Aug
18
2007

Childhood nightmare spotlight: Flesh Eating Disease

Flesh-eating protozoans, heavily magnified: Actual pictures of the various flesh-eating infections are gross. Super gross.  (photo by Grant Neufeld on flickr.com)
Flesh-eating protozoans, heavily magnified: Actual pictures of the various flesh-eating infections are gross. Super gross. (photo by Grant Neufeld on flickr.com)
Flesh eating bacteria ranks very highly on my list of irrational childhood fears. It’s below my fear of the sun suddenly going dark, but above killer bees, fire ants, lava, and swallowing sharp metal things.

However, a new study shows that, with the rising global temperature, cases flesh eating disease will be increasing and, perhaps, spreading into countries in which it had never before been an issue. Consequently, this particular fear has been upgraded from “irrational,” to “mostly irrational.”

With horribly painful, potentially fatal, and really gross-looking infections now imminent for all of us, I thought it would be worthwhile to swing the spotlight of attention over to…

Flesh Eating Disease!

It turns out that what we call “flesh eating disease” can be caused any one of several different infections. Necrotizing fasciitis (flesh eating bacteria) can refer to Vibrio vulnificus, Clostridium perfringens, or Bacteroides fragilis, but most often Group A streptococcus is the culprit. It starts at the site of a cut or bruise, and is very painful but generally has no visible symptoms early on. If the infection is shallow, swelling, redness, and heat will develop shortly, sometimes accompanied by diarrhea and vomiting. Skin color will then darken, and blisters will develop. This is followed by the death of the affected subcutaneous tissues. In severe cases this all can happen within several hours, and in such instances the death rate is about 30%.

The bacteria don’t actually eat your flesh, which is a relief. Instead, they release toxins that cause your body to destroy itself (T-cells, cytokines, over-stimulated macrophages, blah blah blah).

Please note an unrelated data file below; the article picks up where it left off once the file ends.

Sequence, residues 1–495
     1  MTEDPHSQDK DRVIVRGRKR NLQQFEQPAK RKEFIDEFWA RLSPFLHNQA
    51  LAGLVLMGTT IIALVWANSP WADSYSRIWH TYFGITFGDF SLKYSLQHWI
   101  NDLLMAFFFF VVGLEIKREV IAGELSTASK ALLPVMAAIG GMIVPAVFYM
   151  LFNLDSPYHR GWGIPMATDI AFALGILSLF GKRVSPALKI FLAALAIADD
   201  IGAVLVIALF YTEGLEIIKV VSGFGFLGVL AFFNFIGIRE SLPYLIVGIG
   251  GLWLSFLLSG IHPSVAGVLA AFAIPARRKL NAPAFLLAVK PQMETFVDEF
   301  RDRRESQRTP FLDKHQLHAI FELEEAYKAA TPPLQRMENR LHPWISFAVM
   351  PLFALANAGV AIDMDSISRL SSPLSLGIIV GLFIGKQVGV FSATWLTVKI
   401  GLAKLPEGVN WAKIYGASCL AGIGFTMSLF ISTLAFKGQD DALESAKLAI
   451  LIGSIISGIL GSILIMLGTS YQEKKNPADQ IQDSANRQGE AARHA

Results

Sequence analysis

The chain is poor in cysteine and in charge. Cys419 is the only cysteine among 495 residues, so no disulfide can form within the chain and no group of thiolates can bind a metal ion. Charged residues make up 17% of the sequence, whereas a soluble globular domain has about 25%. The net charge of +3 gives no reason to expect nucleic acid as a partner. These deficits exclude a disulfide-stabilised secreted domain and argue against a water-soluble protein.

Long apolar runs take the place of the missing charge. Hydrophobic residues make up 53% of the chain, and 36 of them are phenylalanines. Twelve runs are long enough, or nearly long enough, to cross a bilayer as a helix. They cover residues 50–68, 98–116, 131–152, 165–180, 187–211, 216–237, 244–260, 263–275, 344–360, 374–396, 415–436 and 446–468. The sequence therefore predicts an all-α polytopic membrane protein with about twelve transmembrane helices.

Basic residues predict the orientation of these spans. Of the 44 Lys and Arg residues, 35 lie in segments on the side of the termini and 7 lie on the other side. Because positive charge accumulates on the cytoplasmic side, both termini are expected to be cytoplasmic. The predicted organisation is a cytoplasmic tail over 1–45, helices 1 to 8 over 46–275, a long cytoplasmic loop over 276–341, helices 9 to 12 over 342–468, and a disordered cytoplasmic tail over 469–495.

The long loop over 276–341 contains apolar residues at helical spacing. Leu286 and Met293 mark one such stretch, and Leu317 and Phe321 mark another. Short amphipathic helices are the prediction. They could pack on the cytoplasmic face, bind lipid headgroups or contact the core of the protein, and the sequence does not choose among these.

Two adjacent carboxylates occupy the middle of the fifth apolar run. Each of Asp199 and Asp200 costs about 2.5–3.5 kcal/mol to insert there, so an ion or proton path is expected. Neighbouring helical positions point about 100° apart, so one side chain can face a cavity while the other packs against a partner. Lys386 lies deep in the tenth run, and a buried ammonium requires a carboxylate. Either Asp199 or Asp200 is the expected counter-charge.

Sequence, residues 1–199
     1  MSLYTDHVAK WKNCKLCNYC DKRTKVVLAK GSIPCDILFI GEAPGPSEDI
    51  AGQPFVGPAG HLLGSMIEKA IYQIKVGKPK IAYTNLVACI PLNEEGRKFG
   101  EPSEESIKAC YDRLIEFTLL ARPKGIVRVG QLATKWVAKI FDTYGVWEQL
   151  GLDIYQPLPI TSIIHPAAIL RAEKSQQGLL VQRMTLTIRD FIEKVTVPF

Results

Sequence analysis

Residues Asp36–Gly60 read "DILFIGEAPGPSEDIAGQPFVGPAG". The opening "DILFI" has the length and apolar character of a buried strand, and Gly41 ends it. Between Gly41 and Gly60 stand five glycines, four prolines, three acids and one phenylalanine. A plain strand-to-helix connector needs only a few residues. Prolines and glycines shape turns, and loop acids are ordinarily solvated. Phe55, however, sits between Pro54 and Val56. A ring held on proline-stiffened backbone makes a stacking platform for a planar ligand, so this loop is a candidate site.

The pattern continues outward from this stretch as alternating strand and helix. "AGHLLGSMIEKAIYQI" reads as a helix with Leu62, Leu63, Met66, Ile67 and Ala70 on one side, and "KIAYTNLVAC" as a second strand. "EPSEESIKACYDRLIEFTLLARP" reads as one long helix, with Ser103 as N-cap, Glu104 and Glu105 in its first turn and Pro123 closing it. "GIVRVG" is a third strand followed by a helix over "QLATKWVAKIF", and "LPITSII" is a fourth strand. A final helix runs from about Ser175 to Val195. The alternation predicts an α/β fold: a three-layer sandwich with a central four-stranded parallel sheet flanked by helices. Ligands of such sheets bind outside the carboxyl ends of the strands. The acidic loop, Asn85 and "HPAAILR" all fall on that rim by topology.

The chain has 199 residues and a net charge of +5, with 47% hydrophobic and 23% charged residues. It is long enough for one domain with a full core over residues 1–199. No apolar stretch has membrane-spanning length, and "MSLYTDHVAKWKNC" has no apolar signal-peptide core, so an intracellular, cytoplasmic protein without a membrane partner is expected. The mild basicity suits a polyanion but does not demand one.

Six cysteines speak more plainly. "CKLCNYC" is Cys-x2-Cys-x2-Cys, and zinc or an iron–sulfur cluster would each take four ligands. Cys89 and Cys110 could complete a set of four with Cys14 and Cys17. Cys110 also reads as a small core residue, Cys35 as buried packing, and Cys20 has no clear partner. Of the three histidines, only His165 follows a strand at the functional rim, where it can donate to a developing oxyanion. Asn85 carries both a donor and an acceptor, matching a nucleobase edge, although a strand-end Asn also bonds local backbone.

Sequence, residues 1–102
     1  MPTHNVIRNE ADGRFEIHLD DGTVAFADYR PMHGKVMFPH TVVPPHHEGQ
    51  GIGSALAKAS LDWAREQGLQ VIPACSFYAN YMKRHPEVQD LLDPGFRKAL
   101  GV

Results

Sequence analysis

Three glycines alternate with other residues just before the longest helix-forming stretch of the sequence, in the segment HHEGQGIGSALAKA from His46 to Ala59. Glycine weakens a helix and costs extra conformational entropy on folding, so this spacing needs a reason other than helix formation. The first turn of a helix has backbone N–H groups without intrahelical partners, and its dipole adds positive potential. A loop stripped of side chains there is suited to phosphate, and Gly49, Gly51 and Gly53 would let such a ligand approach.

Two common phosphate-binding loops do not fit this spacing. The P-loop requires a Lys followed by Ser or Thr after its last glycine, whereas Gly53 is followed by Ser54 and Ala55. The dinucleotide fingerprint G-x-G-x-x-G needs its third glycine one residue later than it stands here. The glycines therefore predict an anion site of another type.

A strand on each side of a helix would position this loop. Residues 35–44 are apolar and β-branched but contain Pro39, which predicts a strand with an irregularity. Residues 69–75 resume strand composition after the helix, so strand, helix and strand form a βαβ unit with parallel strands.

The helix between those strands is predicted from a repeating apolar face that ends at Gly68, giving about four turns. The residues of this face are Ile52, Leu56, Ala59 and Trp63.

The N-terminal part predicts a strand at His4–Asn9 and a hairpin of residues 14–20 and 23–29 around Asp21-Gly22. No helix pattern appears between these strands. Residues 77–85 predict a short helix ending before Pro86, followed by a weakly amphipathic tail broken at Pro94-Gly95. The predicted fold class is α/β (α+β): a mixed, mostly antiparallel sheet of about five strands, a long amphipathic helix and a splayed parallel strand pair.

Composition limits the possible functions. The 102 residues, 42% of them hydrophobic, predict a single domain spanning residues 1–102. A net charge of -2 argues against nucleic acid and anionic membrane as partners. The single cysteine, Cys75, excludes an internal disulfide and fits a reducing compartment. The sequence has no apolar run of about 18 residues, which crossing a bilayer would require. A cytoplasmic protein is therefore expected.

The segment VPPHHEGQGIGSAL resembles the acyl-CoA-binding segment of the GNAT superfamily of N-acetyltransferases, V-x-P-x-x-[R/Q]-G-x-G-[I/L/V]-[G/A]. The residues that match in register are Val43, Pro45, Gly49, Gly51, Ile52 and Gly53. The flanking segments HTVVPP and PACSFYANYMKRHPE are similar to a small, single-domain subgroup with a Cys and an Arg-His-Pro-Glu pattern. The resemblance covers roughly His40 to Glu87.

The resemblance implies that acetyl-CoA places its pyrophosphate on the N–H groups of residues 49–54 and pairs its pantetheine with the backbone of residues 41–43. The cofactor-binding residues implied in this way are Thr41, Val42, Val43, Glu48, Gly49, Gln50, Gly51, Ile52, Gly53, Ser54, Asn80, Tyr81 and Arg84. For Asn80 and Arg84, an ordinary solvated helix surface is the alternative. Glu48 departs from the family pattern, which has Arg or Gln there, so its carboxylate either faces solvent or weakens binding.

The condition is treated by antibiotics, amputation of affected organs, and the removal of necrotic tissue. Also, by denial.

The specific variety of flesh eating disease that this study focuses on is slightly different.
It’s actually caused by a protozoan parasite and is transmitted by the bites of sand flies. It’s called “leishmaniasis.” Leishmaniasis, unlike necrotizing fasciitis, often won’t exhibit symptoms until weeks or months after infection. Raised, red lesions appear, and then burst. In cases where the lesions are diffuse, the condition can appear like leprosy. Mucous membranes can also be infected, resulting in the destruction of the nose and lips. The infection can be fatal if the parasite spreads to vital organs.

The leishmaniasis carrying sand flies are usually found only in tropical climates, but as global temperatures rise, the flies will be able to survive in countries that were never before suitable for them. Travel and tourism will also facilitate the spread of the parasite.

The disease is found in the Middle East, South Asia, North Africa, and Central and South America, and has even been reported in southern Texas and southern Europe. Soldiers in Afghanistan and Iraq have been affected by the disease as well, with over 650 cases of the “Baghdad Boil” being reported since the invasion in 2003.

The moral here? It’s that flesh eating disease is exactly as gross as you imagined. And that you should wear plenty of insect repellent when sand flies are around.

Your Comments, Thoughts, Questions, Ideas

Joe's picture
Joe says:

Leishmaniasis is getting a lot of Buzz-love lately...a visitor mentioned it in a global warming related blog and ARTifactor wrote about it a while ago too. Hmm - perhaps this is something we should pay attention to.

posted on Sun, 08/19/2007 - 10:57am

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